• Avoid white foods: white bread, pasta, white rice, sugar, etc.

• If you really want meat, eat top sirloin (it’s cheaper than you think). Trim the fat before cooking it.

• Go whole grain in your pastas, bread and even tortillas. Don’t forget about quinoa… it’s on the pyramid!

• Eat breakfast. Start the day with a lean protein, fiber-filled carbs and a healthy, low-fat yogurt.

• Drink lots of water and nutritious fluids. Celery, cucumber and lean beef are also high-water foods.

• Season your food with garlic, spices, herbs and lemon.

• Use tomato-based sauces instead of butter or cream sauces.

• Use a cooking spray and non-stick cooking pan.

“Traditional diets are common-sense diets,” says Baer-Sinnott. “It is pretty simple. If we all followed a traditional diet, ate sensible portions and exercised, we wouldn’t have as much obesity, diabetes or heart disease.”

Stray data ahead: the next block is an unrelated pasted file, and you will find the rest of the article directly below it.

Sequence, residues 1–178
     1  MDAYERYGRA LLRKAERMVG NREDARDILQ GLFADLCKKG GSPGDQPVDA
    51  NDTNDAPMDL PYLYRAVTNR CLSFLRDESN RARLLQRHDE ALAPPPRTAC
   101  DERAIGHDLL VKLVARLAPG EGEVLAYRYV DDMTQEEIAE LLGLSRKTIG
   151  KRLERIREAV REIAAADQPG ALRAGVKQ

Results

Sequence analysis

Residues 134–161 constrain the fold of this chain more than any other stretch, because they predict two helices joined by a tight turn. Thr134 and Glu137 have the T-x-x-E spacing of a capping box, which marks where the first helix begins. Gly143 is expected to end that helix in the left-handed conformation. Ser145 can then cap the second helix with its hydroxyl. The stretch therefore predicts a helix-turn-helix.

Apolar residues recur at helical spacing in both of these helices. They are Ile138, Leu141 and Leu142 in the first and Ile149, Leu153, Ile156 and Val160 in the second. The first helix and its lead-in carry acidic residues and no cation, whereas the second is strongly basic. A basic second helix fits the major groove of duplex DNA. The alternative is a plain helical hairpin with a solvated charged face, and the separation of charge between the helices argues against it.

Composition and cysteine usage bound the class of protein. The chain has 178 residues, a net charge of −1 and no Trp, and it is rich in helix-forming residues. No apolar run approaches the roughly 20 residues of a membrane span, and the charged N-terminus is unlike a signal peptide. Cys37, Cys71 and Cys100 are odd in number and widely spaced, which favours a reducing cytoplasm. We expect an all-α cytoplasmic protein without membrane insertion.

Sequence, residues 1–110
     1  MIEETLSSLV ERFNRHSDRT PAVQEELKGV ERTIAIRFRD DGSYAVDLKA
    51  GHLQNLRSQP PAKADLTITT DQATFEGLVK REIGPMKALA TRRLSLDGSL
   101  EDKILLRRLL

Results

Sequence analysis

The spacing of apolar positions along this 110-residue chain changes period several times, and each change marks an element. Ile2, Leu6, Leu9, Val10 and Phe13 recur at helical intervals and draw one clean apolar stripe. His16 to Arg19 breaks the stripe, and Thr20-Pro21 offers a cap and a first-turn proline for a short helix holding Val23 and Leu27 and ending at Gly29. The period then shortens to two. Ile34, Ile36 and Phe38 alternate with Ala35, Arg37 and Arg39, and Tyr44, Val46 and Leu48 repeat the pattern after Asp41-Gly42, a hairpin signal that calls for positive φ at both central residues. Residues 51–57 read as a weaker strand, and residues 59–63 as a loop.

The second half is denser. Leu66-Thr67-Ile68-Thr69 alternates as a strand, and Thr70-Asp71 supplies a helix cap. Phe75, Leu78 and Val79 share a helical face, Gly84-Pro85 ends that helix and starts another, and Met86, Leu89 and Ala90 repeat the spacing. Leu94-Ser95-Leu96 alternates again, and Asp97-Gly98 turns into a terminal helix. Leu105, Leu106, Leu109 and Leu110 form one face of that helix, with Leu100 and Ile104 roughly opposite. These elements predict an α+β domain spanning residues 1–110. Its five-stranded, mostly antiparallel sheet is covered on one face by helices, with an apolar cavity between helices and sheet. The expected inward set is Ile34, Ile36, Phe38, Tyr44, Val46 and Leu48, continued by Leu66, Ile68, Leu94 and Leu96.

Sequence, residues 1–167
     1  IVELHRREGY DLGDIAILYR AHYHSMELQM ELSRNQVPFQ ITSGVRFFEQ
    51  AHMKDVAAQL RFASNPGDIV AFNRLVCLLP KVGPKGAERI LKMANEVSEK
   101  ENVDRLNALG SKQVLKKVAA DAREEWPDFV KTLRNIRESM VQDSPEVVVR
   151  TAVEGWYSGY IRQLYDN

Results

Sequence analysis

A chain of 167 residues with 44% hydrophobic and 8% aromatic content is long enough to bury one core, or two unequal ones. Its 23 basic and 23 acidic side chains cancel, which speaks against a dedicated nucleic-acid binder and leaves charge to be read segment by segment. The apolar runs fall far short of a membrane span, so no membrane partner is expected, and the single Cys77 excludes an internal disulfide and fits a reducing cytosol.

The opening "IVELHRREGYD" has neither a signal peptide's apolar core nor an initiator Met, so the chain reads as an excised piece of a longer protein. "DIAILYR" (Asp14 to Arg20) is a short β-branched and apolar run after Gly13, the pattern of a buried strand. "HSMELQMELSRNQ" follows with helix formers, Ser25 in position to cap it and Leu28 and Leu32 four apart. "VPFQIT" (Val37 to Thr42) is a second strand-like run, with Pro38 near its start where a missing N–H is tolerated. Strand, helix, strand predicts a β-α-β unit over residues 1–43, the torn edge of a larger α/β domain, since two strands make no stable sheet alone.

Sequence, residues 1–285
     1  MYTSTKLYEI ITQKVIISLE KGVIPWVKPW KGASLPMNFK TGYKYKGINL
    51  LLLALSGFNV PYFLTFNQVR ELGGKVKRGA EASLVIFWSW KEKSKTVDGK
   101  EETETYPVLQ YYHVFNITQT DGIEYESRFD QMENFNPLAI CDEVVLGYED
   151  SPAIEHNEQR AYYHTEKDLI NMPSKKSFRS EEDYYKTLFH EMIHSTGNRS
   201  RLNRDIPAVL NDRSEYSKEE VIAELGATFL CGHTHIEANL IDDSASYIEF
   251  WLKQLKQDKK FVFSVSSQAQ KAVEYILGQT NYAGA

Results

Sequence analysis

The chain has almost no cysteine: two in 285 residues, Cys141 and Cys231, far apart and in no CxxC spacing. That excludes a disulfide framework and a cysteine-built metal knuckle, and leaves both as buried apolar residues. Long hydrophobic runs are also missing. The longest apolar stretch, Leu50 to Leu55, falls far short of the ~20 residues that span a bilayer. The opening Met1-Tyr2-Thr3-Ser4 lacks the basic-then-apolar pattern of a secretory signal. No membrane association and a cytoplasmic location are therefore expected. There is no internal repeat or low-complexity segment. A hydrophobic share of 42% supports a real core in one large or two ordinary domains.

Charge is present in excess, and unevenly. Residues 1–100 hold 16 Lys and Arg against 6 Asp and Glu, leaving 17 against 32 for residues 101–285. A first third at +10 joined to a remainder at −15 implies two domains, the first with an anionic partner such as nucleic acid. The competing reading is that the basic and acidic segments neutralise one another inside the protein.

So, get moving! Dance in your living room. Walk around the block with someone special. Ride a bike, go swimming or play ball with your children. Thirty minutes of exercise a day will reduce your chances of getting diabetes by 60 percent. Little changes in both your diet and how you exercise will make a big difference over time — and that’s the best news of all!

This article first appeared in Cafe Magazine, May 2010

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I’m Christina Chavez

I was a TV journalist for many years, but with a house full of kids I decided to come off the road, go to culinary school and follow my passion for cooking. Mama’s High Strung is all about food… everything from creative recipe ideas to some really cool kitchen gadgets and cooking tips. I live in Chicago, but I love to travel and write about my food discoveries! You can reach me by email: